Bayes Theorem and the Sad Truth about Political Participation

In one of my grad courses in Political Science the subject turned to citizen participation in the political process, more specifically the issue of voter turnout. The professor introduced us to a mathematical concept known as Bayes Theorem. Now without going into details of “the math,” the Theorem illuminates the true reality of voter turnout. Here is how it goes: 70% of Americans over the age of 18 are registered to vote. In a typical presidential election, let’s say that turnout is 60%. So now we are down to 42% of Americans 18 or over actually voting. Of that 42%, let’s say that 52% voted for the victor, such as what happened in the election last week. What this means is that, in reality, the President of the United States was actually elected by 22% of the voting age population!! That is one in 5 Americans actually voting for our leader.

Now if you think about off year elections, where voter turnout is oftentimes well under 30%, what this reveals is that our political leaders are actually being voted into office by a ridiculously small number of American citizens. For a nation that hails itself as the beacon of democracy, as the model for the world, this is an absolute embarrassment.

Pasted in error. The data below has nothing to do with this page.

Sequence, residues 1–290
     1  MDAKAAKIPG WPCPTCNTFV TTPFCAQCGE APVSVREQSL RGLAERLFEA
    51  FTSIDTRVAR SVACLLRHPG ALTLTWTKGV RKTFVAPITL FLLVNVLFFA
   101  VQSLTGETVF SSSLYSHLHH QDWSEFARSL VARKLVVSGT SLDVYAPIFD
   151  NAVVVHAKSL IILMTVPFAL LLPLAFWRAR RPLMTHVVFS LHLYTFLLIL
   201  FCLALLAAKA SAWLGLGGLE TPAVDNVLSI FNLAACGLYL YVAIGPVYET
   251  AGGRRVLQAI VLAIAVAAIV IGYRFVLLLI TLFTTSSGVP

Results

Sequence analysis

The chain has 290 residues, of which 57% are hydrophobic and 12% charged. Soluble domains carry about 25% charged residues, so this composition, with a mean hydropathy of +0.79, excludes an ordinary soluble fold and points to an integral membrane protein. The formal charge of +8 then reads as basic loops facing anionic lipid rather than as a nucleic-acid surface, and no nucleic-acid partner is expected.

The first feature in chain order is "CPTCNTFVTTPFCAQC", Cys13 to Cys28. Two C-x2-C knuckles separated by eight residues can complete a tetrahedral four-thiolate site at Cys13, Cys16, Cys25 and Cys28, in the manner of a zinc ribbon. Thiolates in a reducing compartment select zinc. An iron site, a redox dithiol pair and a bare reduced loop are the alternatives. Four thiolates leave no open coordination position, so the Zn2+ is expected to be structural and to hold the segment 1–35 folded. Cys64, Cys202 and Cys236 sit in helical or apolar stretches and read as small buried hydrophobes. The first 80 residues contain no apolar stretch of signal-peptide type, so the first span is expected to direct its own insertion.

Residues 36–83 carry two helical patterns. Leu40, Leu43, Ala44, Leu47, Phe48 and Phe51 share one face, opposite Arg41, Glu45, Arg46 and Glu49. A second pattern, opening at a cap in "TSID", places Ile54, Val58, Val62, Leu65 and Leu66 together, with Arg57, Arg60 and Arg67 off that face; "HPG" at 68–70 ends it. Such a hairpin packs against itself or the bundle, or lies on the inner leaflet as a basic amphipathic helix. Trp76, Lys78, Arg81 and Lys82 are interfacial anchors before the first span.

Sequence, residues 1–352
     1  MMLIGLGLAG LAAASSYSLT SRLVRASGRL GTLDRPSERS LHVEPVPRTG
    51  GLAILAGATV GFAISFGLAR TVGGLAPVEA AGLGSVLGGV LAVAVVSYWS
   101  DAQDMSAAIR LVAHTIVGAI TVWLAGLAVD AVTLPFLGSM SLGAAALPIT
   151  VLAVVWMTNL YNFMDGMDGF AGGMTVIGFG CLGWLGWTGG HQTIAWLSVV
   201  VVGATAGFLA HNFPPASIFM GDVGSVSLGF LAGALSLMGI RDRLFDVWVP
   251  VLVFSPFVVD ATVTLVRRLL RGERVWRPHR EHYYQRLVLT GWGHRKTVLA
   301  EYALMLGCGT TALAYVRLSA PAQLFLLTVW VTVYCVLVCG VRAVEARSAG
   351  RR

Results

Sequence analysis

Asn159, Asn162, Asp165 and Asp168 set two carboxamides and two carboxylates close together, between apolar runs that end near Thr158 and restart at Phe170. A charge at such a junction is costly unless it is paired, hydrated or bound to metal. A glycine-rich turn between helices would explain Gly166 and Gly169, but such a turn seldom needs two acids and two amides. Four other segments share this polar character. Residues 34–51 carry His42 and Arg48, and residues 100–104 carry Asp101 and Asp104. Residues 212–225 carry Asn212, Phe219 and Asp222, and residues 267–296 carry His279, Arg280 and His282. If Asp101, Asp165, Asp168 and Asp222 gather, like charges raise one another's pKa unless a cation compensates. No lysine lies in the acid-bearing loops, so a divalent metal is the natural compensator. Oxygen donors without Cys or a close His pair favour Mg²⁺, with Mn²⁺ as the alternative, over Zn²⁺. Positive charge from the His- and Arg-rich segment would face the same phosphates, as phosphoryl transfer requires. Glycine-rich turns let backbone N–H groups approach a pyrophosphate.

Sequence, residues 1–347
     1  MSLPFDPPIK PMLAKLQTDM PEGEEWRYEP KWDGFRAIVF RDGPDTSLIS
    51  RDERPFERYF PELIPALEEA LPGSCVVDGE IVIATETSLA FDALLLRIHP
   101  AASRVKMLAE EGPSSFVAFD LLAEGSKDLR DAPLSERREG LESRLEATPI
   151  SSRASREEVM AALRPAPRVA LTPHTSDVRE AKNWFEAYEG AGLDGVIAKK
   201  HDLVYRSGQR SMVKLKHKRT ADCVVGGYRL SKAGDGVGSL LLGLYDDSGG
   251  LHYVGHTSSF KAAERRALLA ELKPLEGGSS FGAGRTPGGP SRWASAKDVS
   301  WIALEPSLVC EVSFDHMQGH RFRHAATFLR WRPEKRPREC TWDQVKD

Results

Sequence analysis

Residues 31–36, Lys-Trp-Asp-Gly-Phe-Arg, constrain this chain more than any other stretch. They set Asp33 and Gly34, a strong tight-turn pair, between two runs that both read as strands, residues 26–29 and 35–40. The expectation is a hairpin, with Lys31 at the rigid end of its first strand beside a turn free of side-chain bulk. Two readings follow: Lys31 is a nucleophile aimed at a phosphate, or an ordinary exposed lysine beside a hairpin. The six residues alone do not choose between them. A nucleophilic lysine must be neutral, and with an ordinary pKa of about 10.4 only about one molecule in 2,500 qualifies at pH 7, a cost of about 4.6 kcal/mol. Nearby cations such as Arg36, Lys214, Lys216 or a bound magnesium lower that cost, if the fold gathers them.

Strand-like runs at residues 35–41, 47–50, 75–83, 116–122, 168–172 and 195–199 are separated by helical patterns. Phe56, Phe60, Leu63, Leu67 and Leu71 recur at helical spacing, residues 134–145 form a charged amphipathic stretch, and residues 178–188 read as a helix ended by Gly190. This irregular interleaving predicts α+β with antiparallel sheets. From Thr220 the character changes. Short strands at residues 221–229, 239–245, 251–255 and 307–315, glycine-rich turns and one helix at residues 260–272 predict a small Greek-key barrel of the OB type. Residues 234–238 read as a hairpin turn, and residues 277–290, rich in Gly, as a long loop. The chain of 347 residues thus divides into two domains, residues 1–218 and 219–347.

Unless something is done to broaden political participation, I do not see how our politicians can honestly say that they are representing the will of the people. If it was the case that those who don’t register to vote, and those who don’t turn out to vote, choose to do so, I would have to concede that it is their own fault if policies are in place that they don’t like. But research indicates that there are a variety of reasons why people are not registered to vote, and a variety of reasons why people don’t actually turn out to vote.

It is incumbent on our leaders to make a sincere, proactive effort to broaden political participation in the United States. The problem, and this is a killer, is that these elected officials were put in power with the current reality, and so there is little interest by these leaders in increasing participation. Unless organized pressure is brought to bear on our political leaders, progress in this matter will be slow, subject to enormous resistance, and inevitably unsuccessful.

For those like me that believe in true participatory democracy, with true participation by a preponderance of the citizenry, we can only hope that some influential voice will step forward to shame and embarrass our political leaders into reforming the system. Who that person might be is anyone’s guess!